DACA concerns continue after arrest of DACA beneficiary.

Anxiety about the fate of DACA and individuals subject to its protections continue to fester despite the fact that the Trump administration has not made any official move to rescinded DACA.

The latest incident that has triggered the rise in anxiety surrounding DACA has been the arrest of a DACA recipient.  According to reports in the press (an article by The Chronicle of Higher Education can be found here) a 23 year old Mexican immigrant, who was a recipient of DACA protections, was taken into custody based upon his admission that he was affiliated with a gang and thus constituted a risk to public safety. The detainee’s lawyers are asserting that he was pressured into admitting that he was a member of a gang and thus should not have been taken into custody. Apparently this matter has been set for a hearing before a federal judge on Friday, February 17.

Although it is somewhat understandable that any event surrounding ICE enforcement actions will create a stir, it appears that this action is unremarkable and is a stand alone action divorced from any new DACA initiative by the Trump administration.

This issue needs to be understood within the context of the standards articulating DACA eligibility.  There are 5 standards that must be met to qualify for (and maintain) DACA status as articulated in Janet Napolitano’s original deferred action memorandum. The salient standard in this case, as articulated in the memo, is that an individual will be eligible for the deferred prosecution program if they have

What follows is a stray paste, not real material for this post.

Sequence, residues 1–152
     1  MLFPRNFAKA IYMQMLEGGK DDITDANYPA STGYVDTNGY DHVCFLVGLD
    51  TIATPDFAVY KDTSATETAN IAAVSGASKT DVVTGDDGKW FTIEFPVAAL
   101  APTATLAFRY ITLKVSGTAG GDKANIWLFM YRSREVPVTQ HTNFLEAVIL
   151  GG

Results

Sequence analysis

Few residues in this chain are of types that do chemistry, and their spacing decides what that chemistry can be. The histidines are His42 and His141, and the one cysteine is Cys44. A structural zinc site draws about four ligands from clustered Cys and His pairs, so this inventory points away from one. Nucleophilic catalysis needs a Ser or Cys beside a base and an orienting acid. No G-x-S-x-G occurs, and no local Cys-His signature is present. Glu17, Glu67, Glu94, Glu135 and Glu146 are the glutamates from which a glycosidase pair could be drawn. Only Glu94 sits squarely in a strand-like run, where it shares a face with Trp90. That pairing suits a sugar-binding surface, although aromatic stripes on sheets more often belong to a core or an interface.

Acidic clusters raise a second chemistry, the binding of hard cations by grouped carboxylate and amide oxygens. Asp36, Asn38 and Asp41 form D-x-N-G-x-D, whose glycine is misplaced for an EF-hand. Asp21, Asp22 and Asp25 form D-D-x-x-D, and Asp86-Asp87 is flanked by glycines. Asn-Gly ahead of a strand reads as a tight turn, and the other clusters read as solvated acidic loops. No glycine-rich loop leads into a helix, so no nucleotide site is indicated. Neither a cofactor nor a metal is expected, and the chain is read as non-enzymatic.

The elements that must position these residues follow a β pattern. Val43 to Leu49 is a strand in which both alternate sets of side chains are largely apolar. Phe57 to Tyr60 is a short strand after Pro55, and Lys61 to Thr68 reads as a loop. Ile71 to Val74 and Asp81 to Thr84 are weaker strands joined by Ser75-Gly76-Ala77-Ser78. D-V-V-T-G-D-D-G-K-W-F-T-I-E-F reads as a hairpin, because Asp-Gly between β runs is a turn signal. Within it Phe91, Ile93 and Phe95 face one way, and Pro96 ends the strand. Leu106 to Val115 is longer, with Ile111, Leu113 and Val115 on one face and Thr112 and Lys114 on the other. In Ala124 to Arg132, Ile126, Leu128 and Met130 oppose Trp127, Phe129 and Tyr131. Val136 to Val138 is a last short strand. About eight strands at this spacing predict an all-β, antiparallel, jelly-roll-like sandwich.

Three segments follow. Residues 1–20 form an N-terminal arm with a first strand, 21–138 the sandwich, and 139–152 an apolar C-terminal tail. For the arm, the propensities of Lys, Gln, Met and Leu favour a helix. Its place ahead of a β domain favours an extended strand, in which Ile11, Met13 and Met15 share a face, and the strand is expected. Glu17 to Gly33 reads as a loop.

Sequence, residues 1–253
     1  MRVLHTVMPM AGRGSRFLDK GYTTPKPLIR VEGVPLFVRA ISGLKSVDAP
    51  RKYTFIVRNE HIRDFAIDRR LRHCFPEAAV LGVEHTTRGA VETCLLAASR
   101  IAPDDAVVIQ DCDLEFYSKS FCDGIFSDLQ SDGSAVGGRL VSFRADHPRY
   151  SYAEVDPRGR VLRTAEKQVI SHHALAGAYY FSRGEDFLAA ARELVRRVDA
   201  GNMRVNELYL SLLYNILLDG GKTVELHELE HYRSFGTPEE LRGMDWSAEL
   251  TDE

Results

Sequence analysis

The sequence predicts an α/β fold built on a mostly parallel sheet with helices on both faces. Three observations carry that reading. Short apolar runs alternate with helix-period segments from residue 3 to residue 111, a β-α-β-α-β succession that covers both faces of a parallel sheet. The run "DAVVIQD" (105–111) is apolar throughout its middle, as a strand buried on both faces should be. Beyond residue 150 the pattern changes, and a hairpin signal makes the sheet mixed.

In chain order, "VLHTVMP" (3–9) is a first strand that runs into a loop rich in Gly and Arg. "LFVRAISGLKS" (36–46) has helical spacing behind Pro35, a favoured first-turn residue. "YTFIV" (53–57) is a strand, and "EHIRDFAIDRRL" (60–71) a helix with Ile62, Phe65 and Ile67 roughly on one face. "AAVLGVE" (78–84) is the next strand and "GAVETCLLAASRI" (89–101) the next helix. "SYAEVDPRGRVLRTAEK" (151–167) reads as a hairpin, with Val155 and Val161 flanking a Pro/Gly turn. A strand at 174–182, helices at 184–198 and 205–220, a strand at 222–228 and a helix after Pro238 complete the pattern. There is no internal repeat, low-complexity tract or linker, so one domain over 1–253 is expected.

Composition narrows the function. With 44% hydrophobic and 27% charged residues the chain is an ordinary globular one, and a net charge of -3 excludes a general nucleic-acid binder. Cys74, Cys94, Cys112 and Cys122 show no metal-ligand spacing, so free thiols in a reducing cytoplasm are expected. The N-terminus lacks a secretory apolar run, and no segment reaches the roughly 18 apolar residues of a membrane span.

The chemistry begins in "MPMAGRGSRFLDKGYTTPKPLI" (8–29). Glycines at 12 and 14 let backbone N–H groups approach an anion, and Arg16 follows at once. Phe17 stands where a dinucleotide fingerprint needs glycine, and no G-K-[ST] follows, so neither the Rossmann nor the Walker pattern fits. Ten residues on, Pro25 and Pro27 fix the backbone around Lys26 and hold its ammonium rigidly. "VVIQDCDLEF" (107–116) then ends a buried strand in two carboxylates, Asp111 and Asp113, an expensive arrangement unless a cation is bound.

“not been convicted of a felony offense, a significant misdemeanor offense, multiple misdemeanor offenses, or otherwise poses a threat to national security or public safety”

It would appear from the plain language of the DACA memorandum that DACA benefits are not unqualified and may be subject to rescission if a person constitutes a threat to public safety, and I think it goes without saying that there is alway going to be some level of prosecutorial discretion about whether a person continues to quality for deferred prosecution–deportation proceedings.

This appears to be a singular fact specific instance of whether or not the detained individual poses a threat to national or public safety.  This situation should not give rise to alarmist concerns about whether there has been a shift by the Trump administration regarding its support (or lack thereof) for the DACA program.



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